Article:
Last Updated on January 10, 2024 by Jake Sheridan
Ever opened a spreadsheet and thought:
- How do I make Google Sheets look nice?
- How do I style a Google sheet?
- How do I make an aesthetic spreadsheet?
If you have, well done, you have ascended to a new level of geek.
Welcome to the club. It’s nice here 🎨
Anyway, this guide will cover everything you need to know to make your Google Sheets look good.
Spreadsheet Design 101: (aka How to Make Pretty Google Sheets)
Below you will find a growing list of step-by-step instructions for designer better Google Sheet templates:
1. Select the Right Font for Readability
Font choice plays a pivotal role in enhancing your spreadsheets in Google Sheets.
Firstly, the clarity and legibility of the chosen fonts can help users better read your data.
In large spreadsheets, a well-chosen font can reduce eye strain and make it easy to parse through complex tables.
Furthermore, the style of the font also influences the professionalism and overall presentation of the spreadsheet.
A suitable font not only gives the spreadsheet a polished look but also organizes it better, which is crucial in professional or academic environments.
Here’s how you can change the font of your data in Google Sheets:
Open your Google Sheets document. Locate and click on the sheet where you want to change the font.
Select the cells whose font you want to change.
You can click and drag to select multiple cells, select a whole row or column by clicking its header, or press Ctrl + A (Cmd + A on Mac) to select all cells in the sheet.
With the cells selected, go to the toolbar at the top of the page. Here, you’ll find the font style dropdown menu.
Click on the font style dropdown menu to view the list of available fonts. Scroll through the list and click on the font you want to use.
This will change the font of all the selected cells to your chosen font.
If you need to adjust the font size, next to the font style dropdown, there’s a font size dropdown.
Click on it and select the desired size for your font.
You can also apply additional formatting like bold, italic, or underline using the respective buttons in the toolbar, if needed.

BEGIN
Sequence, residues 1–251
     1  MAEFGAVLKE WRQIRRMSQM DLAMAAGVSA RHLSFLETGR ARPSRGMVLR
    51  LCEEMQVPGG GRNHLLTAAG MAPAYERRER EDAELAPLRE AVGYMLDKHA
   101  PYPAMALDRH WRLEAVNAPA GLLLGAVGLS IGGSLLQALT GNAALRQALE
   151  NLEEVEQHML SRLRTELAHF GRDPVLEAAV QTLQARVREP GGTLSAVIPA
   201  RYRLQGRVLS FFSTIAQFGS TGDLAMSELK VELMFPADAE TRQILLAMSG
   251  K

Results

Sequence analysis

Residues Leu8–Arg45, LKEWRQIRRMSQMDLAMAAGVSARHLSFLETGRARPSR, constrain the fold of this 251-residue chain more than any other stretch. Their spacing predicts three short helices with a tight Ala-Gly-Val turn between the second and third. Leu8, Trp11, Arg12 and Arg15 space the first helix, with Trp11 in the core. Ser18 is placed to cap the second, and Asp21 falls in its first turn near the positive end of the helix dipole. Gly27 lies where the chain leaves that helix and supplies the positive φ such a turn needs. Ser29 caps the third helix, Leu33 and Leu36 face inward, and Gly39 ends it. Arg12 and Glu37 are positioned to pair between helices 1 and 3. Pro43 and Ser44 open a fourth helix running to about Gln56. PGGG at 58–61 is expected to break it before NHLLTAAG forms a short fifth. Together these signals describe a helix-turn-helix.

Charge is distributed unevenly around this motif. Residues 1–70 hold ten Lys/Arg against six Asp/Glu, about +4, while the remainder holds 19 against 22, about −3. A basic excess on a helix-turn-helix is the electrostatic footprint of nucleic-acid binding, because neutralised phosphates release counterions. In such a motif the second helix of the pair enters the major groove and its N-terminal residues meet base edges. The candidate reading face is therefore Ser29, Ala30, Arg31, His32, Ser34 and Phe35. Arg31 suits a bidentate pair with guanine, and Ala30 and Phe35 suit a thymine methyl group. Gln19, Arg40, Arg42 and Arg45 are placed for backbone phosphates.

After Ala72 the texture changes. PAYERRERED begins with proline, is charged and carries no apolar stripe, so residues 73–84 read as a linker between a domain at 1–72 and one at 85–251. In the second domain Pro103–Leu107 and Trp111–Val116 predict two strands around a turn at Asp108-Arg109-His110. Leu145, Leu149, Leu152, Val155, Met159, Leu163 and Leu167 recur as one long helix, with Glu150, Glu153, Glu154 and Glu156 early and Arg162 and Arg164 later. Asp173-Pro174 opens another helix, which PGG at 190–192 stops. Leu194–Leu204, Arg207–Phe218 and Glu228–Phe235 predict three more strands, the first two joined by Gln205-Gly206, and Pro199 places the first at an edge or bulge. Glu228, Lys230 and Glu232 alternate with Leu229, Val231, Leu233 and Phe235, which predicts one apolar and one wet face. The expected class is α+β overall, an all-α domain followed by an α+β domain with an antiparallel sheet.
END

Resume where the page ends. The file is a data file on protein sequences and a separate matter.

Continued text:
2. Include Sufficient White Space
One aspect you should consider when designing your spreadsheets is the effective use of white space.
Users will prefer sufficient blank space between different tables and charts to properly separate different slices of data.
To provide an even cleaner look, you can disable gridlines and set up custom borders to create a custom data layout that suits your organization or user base.
To create a cleaner spreadsheet by disabling gridlines, using custom borders, and adding ample white space, follow these steps:
Open your spreadsheet in Google Sheets or Excel.
Make sure you are on the sheet you want to modify.
To disable gridlines, go to the “View” menu.
In Google Sheets, uncheck the option “Gridlines.”
In Excel, under the “View” tab, uncheck the box for “Gridlines” in the “Show” group.
Select the cells or range where you want to add custom borders.
For a more organized look, consider only applying borders to areas containing data or headings.
In this example, we’ll add a thick bottom border below the range containing our table headers.
In the toolbar, click on the Border icon to reveal more border formatting options.
Here, you can choose the style, color, and thickness of the borders.
Apply the borders to outline the data range or individual cells as needed.
If your spreadsheet contains multiple sections, consider adding extra white space between these sections.
You can insert new rows or columns that are left blank to create visual separation.
3. Follow a Uniform Data Alignment Style
Google Sheets offers a few ways to align your data in a cell.
Inconsistent data alignment can look unprofessional and may also make it difficult to navigate your spreadsheet.
Here are some rules you can follow for aligning your data:
- Use the Left align option on columns that contain text data.
- Use the Right align option on numerical columns. When used alongside uniform decimal places, the Right align option allows users to easily compare even numbers with a large number of digits.